Ellora’s Story

I started experimenting with opiates when I was a teenager and as I grew to rely on the emotional relief I  got from them I formed a bond with this chemical.  Before long it was costing me too much money so I switched to heroin.  After almost five year into this downward cycle I was desperate to get off.  I even tried to use suboxone and booze to stay away from the heroin but I was relapsing once a week.  I didn’t have the mental capacity to reach out for help as I would today.  I didn’t really know what I needed to know so I was ready to kill myself.  I was victimizing myself plus I had a lot of self pity which put me into a sick place Over years of use I had developed a better relationship with heroin than I had with myself. Without heroin I didn’t have the skill set or the self esteem to deal with life.  I used heroin to cover up my feelings- who’d have thought!

During my use I was lying to myself.  I told myself you can’t get through this without dope, you just can’t do it.  I lied to myself so I could keep using.  I don’t know how this happened but there was a time in my life that I didn’t think about my thinking.  I was only thinking about how I could get more heroin.  Now that is no longer my motivation I have worked on improving the quality of my thinking and I am less selfish and more considerate towards others..

For me the withdrawal process was really challenging, I don’t know how to explain it but I really did want to die.  I wanted to die because I was in this place of constant physical, mental, emotional and spiritual pain and I had no idea that I was going though it for months.  I would pick up and then go without it for a few days.  It was terrible because I was torturing myself and torturing my family.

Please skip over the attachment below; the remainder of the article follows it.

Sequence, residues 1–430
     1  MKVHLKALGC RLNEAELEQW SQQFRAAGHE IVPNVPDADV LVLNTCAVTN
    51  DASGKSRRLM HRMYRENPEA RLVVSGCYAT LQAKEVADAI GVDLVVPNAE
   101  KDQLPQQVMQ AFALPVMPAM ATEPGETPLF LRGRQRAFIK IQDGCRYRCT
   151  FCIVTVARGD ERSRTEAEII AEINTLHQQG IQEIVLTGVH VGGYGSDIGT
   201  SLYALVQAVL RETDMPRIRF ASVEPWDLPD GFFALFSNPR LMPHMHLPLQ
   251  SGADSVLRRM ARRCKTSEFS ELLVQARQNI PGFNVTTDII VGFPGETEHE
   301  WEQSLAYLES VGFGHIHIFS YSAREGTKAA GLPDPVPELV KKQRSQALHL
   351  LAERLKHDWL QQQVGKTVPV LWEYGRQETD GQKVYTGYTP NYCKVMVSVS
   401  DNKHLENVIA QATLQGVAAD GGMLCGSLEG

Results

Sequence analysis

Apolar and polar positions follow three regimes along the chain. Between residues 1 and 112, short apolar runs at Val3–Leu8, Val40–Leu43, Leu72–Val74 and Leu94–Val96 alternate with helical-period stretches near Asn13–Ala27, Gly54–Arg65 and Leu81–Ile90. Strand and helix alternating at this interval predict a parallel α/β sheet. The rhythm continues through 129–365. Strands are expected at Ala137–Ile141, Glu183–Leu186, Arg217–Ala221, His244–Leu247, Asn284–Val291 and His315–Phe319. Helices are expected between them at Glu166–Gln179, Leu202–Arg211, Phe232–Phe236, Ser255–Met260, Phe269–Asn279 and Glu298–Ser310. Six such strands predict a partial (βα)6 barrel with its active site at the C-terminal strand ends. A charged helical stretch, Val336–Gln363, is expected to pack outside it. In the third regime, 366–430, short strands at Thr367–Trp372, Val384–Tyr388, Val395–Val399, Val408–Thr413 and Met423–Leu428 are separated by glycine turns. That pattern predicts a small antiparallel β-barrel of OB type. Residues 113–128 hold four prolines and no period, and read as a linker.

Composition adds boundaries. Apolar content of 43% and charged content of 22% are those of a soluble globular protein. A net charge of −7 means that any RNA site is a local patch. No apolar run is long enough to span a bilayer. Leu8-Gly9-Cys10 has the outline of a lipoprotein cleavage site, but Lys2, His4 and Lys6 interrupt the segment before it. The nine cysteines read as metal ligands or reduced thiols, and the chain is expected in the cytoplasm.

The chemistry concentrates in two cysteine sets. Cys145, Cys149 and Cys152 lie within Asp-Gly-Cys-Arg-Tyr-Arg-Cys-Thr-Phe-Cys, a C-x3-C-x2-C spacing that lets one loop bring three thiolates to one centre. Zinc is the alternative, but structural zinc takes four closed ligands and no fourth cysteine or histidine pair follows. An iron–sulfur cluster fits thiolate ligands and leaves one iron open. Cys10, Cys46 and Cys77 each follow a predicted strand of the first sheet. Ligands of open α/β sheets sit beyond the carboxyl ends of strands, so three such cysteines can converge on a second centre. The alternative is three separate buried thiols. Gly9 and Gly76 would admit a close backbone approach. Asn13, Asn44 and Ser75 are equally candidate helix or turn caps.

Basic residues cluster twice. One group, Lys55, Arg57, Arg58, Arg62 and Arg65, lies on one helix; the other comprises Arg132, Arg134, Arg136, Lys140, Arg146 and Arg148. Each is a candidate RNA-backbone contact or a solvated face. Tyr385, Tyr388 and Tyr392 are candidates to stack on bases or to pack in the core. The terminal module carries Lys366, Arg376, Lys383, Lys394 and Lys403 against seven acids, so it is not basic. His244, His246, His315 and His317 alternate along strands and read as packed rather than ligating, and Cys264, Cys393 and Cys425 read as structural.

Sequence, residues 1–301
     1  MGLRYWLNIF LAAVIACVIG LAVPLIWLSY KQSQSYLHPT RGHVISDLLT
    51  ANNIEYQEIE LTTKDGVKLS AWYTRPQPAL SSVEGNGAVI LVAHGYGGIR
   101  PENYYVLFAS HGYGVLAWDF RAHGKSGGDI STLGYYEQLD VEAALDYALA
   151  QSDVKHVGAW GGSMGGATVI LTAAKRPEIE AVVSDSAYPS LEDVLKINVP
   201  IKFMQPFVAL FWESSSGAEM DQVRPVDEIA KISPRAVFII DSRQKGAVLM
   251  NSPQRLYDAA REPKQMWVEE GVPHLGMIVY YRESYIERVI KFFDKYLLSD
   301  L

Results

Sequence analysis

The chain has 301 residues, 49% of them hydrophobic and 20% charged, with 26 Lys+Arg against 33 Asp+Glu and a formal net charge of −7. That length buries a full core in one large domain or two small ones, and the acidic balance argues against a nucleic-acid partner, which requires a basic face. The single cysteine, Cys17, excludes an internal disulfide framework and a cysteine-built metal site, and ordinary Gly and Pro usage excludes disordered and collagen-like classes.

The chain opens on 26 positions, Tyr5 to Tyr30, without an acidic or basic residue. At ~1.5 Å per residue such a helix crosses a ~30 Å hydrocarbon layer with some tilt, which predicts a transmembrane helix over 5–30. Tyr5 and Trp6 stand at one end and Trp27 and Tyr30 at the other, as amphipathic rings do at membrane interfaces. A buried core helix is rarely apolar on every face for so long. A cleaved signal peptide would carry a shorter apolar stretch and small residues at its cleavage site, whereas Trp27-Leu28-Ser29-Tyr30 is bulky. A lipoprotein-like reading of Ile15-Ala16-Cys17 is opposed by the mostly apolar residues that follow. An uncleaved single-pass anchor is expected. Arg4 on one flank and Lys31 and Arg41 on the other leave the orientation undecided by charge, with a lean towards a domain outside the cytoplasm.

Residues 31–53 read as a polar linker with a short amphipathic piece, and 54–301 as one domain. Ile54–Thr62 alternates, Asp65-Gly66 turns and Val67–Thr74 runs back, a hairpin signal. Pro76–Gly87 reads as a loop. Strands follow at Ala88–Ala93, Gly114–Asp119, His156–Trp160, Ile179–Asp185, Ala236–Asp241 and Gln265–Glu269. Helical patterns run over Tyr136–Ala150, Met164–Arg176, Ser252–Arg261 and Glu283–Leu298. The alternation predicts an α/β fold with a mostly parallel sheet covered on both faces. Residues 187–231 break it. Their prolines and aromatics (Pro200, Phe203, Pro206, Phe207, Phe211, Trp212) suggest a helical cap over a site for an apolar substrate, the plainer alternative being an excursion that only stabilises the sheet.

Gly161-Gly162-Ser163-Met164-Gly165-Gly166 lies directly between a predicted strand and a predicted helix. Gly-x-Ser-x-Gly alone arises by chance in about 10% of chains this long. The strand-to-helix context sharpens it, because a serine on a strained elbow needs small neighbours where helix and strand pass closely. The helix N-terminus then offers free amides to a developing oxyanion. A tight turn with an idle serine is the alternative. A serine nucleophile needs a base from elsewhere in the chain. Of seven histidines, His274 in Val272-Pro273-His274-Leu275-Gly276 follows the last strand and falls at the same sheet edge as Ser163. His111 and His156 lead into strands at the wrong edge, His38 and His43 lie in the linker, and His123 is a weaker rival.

Then one day I was arrested and I was forced into treatment.  I can remember my first day of in-patient treatment program and being asked,” do you really want to get clean?”  I spoke to the truth, part of me was ready and part of me was not.  I was really unsure in so many ways about giving my life over to a group of women in recovery who knew how to live a sober life.

Letting go of heroin was a grieving process for me.  It was very saddening in a lot of ways.  I feel like a baby saying this but I was grieving the loss of heroin.  But I was in an all women’s   treatment facility and I WAS REALLY DESPERATE!  Somehow I realized that I was done with my heroin habit for good and I put my full trust in this recovery program, trust for a heroin user is a big deal. I had such tunnel vision and had little perspective but with some clean time I was open to listening to others and participating in group sessions.  I am the kind of a person who can learn from other people and their experiences even though I wasn’t able to identify emotionally at first.  I wanted to cry over things people were telling me about their lives but I couldn’t.  It wasn’t part of my nature at that time but I still was open to changing my values.